3. Ann Musso said

    I’m reading “The Complete Idiot’s Guide to Private Investigation” by Steve Brown and noticed you had interviewed him. I want to contact him and wanted to see if you had his email. Currently I work under my husband California PI license with him, but I want to attend school as there is so much still for me to learn and then hopefully, get my own license. There are so many “schools” out there, I was hoping for some opinions from other PI’s on what to look for in training. Your website looks great; can’t wait to read!

    • writingpis said

      You can look up Steven using Google (Steven Brown+private investigator). We would imagine your husband, being a licensed California PI, would have resources who can recommend qualified PI schools in your area. Otherwise, we suggest you check out PI Magazine or Pursuit Magazine for their recommendations.

    • Ann Musso said

      Yes, I do have recommendations from my husband, however, I find it prudent to get opinions from others in the industry.

  4. Hi, nice to meet you !

  5. Sean said

    A friend showed me the link. Great site. I’m a pulp writer who does some 30s gumshoe writing, and I’ll definitely be back. I’ll add you to my site’s links, if that’s okay with you. And feel free to visit mine as well. It’s called Bad Girls, Good Guys, and Two-Fisted Action — http://seanhtaylor.blogspot.com. (Which is why my friend sent me your link, I’m sure.)

  6. Sean said

    Thanks. That’s awesome.

  7. I found your blog by accident and I am very impressed!

    I think it’s great that your both husband and wife and still able to work together. I’m not too sure if me and my wife could pull off a similar situation!

    If it’s ok with you, I would like to add your blog to our list of private investigator resources at: http://scottish-pi-network.com ?
    If your interested, we would consider exchanging links on http://blackraveninvestigations .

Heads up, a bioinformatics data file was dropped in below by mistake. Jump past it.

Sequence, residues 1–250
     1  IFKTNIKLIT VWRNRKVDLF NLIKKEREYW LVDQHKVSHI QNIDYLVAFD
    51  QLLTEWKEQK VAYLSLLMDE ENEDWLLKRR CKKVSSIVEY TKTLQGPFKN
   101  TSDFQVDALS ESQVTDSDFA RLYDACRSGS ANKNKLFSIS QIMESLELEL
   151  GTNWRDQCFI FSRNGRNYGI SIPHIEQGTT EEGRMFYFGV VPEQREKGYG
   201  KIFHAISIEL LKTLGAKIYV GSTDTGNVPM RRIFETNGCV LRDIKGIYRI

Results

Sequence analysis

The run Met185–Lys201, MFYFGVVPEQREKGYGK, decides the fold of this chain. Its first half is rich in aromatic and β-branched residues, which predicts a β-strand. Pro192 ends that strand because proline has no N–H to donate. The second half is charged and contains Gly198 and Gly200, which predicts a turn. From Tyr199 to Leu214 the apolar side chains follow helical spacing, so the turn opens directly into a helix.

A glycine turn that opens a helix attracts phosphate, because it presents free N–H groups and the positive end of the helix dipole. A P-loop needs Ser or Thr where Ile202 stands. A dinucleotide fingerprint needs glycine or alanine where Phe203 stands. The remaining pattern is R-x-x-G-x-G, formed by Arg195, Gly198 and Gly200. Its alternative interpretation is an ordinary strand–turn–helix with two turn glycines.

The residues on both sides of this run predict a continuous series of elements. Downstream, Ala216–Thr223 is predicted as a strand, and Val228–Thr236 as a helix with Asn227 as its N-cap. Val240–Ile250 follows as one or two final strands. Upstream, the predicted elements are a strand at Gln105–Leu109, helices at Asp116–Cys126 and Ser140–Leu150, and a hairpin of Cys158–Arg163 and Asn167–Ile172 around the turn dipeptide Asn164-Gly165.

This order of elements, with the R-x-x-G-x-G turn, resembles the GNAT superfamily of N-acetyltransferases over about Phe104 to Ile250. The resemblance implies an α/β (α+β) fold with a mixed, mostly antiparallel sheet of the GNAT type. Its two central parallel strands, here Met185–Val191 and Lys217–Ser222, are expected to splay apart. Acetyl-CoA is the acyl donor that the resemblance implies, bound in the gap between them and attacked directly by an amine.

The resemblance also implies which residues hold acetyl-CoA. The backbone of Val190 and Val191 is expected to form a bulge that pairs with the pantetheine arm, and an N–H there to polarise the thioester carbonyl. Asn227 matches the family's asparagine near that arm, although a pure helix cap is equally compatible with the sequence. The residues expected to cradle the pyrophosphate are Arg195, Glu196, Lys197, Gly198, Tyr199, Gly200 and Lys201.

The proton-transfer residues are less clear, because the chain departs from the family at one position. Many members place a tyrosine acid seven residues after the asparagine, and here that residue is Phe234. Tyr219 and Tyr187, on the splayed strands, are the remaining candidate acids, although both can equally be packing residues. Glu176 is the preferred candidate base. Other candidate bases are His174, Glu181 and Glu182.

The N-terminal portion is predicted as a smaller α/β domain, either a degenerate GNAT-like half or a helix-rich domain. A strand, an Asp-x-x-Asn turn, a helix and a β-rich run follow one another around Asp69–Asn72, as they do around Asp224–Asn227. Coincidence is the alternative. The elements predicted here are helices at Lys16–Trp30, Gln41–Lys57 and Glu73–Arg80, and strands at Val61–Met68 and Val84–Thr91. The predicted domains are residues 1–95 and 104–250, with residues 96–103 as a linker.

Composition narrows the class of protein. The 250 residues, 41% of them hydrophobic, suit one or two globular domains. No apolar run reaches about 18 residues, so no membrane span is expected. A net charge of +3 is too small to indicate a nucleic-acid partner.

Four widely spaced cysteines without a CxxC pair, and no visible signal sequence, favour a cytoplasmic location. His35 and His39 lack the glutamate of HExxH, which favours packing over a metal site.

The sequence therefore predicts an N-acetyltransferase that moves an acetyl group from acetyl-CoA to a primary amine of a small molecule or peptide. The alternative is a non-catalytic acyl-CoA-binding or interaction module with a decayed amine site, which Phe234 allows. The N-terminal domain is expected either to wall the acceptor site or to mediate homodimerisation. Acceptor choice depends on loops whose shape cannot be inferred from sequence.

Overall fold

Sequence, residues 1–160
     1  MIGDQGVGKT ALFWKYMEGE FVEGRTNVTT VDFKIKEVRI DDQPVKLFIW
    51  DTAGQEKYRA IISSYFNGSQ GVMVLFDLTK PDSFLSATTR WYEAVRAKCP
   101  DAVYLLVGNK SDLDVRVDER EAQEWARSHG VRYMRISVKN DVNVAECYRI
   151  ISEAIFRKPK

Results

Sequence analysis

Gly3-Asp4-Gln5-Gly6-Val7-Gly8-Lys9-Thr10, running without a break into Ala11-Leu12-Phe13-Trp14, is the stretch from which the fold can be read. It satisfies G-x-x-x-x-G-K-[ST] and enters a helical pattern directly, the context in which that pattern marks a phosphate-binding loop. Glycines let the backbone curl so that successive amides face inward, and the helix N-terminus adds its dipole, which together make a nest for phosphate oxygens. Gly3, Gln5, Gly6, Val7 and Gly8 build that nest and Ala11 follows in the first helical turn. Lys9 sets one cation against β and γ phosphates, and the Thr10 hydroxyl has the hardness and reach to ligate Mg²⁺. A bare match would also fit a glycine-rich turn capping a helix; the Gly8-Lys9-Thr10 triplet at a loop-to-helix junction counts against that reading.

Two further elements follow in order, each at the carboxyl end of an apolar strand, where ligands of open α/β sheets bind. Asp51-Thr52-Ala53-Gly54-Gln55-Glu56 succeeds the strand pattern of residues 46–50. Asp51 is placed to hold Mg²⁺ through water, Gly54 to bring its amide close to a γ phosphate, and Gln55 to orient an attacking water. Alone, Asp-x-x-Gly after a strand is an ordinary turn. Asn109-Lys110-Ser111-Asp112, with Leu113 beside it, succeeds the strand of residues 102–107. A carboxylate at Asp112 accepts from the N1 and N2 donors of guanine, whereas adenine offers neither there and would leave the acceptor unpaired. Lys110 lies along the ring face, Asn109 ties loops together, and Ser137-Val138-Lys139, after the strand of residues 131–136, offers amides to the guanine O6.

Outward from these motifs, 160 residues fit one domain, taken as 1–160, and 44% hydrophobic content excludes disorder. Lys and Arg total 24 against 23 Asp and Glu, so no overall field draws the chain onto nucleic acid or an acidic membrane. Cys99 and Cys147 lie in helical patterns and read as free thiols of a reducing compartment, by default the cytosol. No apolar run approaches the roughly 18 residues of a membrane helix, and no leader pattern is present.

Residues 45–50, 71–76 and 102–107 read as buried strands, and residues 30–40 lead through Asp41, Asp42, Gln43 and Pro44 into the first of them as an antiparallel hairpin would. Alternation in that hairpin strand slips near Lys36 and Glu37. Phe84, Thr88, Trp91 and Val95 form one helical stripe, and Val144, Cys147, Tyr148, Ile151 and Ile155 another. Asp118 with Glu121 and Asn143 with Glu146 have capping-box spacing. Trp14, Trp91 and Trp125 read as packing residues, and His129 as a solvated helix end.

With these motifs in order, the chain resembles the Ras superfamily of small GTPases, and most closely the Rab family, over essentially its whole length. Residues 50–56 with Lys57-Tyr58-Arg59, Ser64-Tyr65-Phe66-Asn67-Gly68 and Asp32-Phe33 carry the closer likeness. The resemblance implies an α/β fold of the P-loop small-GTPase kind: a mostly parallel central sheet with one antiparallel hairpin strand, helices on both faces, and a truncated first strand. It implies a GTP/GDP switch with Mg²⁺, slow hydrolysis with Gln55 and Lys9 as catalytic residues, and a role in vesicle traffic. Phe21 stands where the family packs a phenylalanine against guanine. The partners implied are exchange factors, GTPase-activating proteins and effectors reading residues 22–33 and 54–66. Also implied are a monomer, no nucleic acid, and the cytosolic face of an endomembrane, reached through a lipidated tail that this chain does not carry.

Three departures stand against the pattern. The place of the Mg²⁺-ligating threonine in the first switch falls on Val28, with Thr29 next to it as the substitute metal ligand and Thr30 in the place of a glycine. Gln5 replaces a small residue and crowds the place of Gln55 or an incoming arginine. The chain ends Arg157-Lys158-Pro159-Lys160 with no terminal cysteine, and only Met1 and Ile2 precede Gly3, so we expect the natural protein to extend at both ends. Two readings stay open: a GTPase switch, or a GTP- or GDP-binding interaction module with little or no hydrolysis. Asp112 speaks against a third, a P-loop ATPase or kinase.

Either way, you have a new reader!

  8. Becks said

    Hi! I love your blog! I have a question and I can’t find your email, so I’m asking here: could a minor hire a private detective?

  9. Jim Jack said

    Hi,

    We recently created an infographic which highlights the dos and don’ts of surveillance along with a lot of other great data and statistics related to private investigators. Thought I would reach out to you as it might be of interest to your readers.

    Here’s the link http://www.pvteyes.com/blog/pushing-the-limits-the-dos-and-donts-of-surveillance-infographic/

    If you have any questions or concerns, please feel free to contact me.

    Best,
    Jim

  10. I am SO HAPPY to have found this site! GREAT information. I have a question for a book-in-progress and have been scouring the internet for an answer. If someone’s dog is killed, inside their home, while they are gone, and it’s obvious that it wasn’t an accident (he was stabbed, the poor baby), does the dog’s body get removed as evidence, like a person’s? And if so, how long is the dog’s body then held? Would it be disposed of, or given back to the owner?

  11. Hi Colleen and Shaun! Great blog and I wanted you to know I am using your book, A Lawyer’s Primer for Writers: From Crimes to Courtrooms, as a resource for my first novel, Streets of Blame. I am actually serializing it on my blog, www,seriallynovel.com. I have had four non-fiction books published and want to be as accurate as possible for the courtroom parts of the book, and it is an amazing resource. I am reading it on the Kindle and I love all the links to other resources! Kudos. Darin